“It’s often times hard. Sometimes family members aren’t there — they aren’t always supportive,” she said. “And sometimes it’s uncomfortable for them to have family there.”

Additionally, James said advocates provide necessities to clients who have gone to the hospital for treatment and have reported their assault to the authorities.

“We provide clothing for the victims — flip flops, shirts, bras, underwear, jeans. Police will have to take their clothes as evidence and a lot of times when they’re reporting to police, they don’t think to bring their own clothes,” she said.

Another important step in the process involves guiding the clients through the legal process if they choose to press charges against their offender or file a lawsuit.

“The court system is very hard to navigate. It’s very confusing and when you are in trauma, it’s good to have someone hold your hand and let you know it’s OK,” James, who has eight years of prior experience as an advocate, said.

Englund said 100 percent of people who call or walk into their office for services will receive help as long as they disclose that they have been assaulted.

“If anyone feels violated in a sexual manner, that’s assault,” James added. “It can happen anywhere — at the grocery store, the buses, at school.”

Besides services offered to victims, prevention education can also come out of the Waterloo office. Englund said such education includes age appropriate instruction on what constitutes inappropriate sexual behavior.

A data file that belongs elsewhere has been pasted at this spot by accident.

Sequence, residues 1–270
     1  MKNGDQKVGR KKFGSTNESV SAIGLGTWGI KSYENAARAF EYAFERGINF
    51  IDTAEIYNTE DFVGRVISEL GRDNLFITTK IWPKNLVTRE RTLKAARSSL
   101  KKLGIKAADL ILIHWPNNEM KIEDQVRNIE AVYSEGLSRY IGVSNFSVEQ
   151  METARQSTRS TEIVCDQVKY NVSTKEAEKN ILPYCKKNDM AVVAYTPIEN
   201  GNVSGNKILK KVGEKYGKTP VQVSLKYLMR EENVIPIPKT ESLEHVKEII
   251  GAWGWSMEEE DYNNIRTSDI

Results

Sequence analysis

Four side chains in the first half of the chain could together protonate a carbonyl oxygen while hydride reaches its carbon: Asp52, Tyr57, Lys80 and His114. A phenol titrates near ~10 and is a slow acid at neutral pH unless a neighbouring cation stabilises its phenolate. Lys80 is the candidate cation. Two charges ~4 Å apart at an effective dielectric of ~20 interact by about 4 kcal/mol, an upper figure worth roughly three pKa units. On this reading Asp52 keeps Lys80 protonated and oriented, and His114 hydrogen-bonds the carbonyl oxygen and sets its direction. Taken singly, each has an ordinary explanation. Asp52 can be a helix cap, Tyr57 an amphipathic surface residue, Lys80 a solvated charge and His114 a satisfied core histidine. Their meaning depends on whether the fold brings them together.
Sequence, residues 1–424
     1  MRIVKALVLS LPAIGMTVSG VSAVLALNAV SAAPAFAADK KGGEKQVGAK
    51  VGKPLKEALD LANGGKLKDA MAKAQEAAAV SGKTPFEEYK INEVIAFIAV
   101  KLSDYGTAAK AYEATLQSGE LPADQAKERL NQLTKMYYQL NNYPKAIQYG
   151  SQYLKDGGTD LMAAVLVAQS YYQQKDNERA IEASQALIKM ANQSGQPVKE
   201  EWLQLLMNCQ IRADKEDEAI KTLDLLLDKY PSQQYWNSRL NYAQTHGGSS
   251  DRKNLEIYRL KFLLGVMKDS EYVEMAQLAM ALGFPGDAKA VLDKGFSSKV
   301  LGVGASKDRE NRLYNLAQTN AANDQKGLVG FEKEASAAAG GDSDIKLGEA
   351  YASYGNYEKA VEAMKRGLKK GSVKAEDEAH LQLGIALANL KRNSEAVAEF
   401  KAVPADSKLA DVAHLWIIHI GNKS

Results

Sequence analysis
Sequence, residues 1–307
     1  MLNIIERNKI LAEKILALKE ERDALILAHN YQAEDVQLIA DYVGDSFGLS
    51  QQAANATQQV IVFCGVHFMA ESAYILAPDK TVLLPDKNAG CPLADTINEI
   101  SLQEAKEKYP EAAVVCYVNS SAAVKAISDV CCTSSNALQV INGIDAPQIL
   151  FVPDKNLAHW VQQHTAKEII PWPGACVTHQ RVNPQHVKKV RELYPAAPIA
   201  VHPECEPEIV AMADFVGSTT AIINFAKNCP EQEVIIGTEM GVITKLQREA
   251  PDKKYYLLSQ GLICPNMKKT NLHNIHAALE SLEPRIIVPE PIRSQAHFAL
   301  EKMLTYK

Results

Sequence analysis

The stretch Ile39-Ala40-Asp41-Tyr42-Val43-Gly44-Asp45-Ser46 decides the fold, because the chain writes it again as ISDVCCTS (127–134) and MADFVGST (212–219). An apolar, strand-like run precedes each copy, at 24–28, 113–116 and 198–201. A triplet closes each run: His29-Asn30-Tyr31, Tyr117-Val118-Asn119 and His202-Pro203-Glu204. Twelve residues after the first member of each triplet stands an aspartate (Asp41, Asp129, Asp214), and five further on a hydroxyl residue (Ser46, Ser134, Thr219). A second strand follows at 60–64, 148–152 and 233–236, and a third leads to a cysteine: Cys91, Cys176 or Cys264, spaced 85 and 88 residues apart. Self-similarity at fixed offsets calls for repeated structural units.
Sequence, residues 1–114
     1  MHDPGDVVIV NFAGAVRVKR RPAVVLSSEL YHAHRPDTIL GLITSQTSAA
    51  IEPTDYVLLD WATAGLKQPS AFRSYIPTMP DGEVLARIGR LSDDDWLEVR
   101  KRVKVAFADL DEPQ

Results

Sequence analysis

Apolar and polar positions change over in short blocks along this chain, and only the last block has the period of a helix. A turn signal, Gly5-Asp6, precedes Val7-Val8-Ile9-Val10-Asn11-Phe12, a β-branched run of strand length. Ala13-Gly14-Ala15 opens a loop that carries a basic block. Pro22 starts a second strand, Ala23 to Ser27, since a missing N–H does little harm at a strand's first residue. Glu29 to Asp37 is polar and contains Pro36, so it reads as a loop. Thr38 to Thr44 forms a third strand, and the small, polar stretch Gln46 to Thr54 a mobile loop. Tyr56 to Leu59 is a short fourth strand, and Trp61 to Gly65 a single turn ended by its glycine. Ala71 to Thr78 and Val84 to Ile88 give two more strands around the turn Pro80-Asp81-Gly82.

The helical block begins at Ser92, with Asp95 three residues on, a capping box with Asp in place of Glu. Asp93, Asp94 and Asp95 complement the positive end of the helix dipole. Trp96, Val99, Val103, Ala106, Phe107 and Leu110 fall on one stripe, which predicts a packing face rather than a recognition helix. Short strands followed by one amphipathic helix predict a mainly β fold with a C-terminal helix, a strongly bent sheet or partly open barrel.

“We’re not going to walk into a room full of kindergarteners and say, ‘Well, let me talk to you about sexual assault,’” she said. “We’ll use language like ‘good touch’ and ‘bad touch.’”

Office hours for the Waterloo location are 8 a.m. to 5 p.m. Monday through Friday. To schedule a counseling appointment or for more information, go to, contact the help line at 618-397-0975, or call the Waterloo office at 939-0115.

Sexual abuse is in the news lately with accusations that movie mogul Harvey Weinstein assaulted and raped women throughout the span of his career, many of whom are now telling their stories.

In response, actor Alyssa Milano tweeted over the weekend to urge those on social media who have also been victimized to reply. The response was tremendous.

Women and men alike have heard her rallying cry and are using social media to share their stories with the hashtag #MeToo. Some write of harassment or abuse, some write about how they continue to be affected today, and still others pledge to stand up against abusers. 

#MeToo has taken over social media.  

Community support
The services Call for Help provides are free. In order to fund the organization, which relies wholly on donations, fundraisers take place throughout the area, including an upcoming pub crawl. 

The “This Witch Has Got My Back” pub crawl is slated for 5 p.m. this Saturday in Red Bud. Event participants will start at Red Bud Winery for registration.

To be eligible for a pub crawl map and prizes, bring two items to support the Sexual Assault Victim’s Care Unit — such items can include composition books, $5 gas cards, portable snacks, T-shirts and the like. Wearing a witch costume is encouraged. 

For more information, call 618-397-0968. The Waterloo office is also accepting donations of sweatpants, T-shirts, underwear, socks, sweatshirts, bras, sports bras, and gas cards. 

James also indicated that Call for Help is in need of volunteers.